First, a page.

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Rand Paul All Right With 'Neutral' Federal Gay Marriage Law

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Sen. Rand Paul (R-KY) talks with reporters as Senate Republicans and Democrats head to their weekly policy luncheon on March 19, 2013 in Washington, DC. (Photo by T.J. Kirkpatrick/Getty Images)
Sen. Rand Paul (R-KY) talks with reporters as Senate Republicans and Democrats head to their weekly policy luncheon on March 19, 2013 in Washington, DC. (Photo by T.J. Kirkpatrick/Getty Images)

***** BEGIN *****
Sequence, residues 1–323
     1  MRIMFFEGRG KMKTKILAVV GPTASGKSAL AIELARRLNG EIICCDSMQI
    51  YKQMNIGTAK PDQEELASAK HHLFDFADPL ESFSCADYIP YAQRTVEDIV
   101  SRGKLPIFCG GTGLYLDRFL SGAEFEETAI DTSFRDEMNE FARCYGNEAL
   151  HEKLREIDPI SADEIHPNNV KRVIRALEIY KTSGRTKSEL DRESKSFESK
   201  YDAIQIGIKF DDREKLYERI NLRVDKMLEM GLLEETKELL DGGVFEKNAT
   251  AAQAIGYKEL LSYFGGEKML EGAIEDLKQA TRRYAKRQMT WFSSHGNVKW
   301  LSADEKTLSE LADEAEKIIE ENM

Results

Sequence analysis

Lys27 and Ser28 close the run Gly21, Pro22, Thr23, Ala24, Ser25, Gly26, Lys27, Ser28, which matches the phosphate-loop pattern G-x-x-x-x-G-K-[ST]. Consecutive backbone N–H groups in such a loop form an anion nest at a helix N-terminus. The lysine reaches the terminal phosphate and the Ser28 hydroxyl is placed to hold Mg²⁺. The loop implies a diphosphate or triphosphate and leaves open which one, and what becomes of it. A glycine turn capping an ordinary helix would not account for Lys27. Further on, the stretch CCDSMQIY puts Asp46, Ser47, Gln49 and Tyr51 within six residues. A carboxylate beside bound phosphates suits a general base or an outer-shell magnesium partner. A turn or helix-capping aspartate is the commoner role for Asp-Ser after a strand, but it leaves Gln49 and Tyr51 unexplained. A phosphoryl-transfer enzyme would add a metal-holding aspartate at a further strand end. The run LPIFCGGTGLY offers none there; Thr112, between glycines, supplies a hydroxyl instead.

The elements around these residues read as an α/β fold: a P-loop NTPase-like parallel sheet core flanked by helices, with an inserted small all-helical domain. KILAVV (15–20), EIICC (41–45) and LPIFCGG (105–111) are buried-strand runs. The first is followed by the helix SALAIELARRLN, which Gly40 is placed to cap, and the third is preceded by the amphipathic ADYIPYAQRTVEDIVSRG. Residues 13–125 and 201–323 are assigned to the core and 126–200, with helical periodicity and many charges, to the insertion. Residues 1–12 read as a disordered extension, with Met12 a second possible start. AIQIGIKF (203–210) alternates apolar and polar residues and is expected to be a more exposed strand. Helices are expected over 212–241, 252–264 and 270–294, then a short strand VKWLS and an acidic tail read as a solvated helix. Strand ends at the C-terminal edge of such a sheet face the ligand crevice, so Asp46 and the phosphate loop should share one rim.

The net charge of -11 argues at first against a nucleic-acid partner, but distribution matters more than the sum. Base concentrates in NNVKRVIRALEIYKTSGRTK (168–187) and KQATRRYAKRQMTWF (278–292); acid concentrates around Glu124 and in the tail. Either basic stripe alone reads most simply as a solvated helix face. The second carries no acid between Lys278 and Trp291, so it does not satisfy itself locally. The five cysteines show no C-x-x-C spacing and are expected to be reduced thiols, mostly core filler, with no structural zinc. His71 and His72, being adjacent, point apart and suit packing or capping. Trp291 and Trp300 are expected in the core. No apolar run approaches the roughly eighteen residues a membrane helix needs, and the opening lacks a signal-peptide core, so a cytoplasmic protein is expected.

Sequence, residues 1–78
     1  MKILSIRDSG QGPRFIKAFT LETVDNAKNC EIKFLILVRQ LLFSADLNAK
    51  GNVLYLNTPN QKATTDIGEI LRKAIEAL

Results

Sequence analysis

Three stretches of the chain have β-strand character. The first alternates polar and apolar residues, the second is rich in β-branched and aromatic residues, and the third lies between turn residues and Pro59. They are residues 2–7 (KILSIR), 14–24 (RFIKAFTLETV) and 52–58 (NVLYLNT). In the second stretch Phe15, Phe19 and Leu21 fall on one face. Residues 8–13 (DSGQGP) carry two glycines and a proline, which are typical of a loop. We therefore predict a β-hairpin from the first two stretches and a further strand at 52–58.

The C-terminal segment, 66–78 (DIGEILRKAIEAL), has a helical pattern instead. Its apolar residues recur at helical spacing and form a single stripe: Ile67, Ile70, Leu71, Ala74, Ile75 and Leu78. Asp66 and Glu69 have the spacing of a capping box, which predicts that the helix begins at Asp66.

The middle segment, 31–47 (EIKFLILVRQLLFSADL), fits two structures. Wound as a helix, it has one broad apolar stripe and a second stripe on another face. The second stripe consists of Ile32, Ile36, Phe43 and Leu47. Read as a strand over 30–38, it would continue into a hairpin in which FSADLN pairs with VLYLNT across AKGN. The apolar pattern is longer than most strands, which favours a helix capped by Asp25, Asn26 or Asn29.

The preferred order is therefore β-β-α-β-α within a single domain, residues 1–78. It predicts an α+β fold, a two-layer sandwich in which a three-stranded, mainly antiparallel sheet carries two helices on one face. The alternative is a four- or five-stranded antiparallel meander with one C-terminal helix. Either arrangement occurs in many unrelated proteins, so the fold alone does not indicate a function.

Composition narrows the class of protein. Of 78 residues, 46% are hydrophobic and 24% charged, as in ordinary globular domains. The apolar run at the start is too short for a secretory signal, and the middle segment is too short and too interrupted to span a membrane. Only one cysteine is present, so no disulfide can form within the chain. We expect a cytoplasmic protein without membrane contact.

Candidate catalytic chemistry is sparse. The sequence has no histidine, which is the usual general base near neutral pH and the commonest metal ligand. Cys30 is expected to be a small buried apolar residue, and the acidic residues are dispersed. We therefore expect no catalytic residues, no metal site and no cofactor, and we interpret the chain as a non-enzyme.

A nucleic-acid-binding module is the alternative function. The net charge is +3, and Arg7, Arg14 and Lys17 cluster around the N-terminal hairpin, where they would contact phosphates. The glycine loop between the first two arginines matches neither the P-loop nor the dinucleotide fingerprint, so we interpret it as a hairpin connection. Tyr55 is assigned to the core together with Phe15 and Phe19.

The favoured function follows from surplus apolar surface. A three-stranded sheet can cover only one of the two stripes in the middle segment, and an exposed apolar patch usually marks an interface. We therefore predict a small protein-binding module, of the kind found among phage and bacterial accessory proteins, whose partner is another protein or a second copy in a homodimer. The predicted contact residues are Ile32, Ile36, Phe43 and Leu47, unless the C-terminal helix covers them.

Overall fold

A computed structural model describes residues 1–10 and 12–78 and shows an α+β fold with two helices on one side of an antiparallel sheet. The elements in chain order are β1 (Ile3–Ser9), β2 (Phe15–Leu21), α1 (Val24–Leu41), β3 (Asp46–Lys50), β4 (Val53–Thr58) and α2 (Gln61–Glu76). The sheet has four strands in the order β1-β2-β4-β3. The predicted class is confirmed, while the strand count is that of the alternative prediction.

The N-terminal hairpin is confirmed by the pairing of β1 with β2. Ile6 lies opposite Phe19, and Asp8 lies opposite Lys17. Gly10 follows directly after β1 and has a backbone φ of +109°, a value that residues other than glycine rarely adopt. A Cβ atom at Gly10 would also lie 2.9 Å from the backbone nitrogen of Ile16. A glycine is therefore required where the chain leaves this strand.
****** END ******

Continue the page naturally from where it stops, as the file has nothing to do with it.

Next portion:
WASHINGTON -- Sen. Rand Paul (R-Ky.) suggested Sunday he wouldn't mind if the Supreme Court struck down "the federalization part" of the Defense of Marriage Act (DOMA) when it takes up the issue this week, since he believes the issue should be left up to the states.

"I've always said that the states have the right to decide," Paul, who opposes gay marriage, said on "Fox News Sunday."

DOMA, the federal 1996 law, defines marriage as between one man and one woman. So does a 2004 amendment to Kentucky's state constitution.

"I do believe in traditional marriage, Kentucky has decided it, and I don't think the federal government should tell us otherwise," Paul said. "I don't want the government promoting something I don't believe in, but I also don't mind if the government tries to be neutral on the issue."

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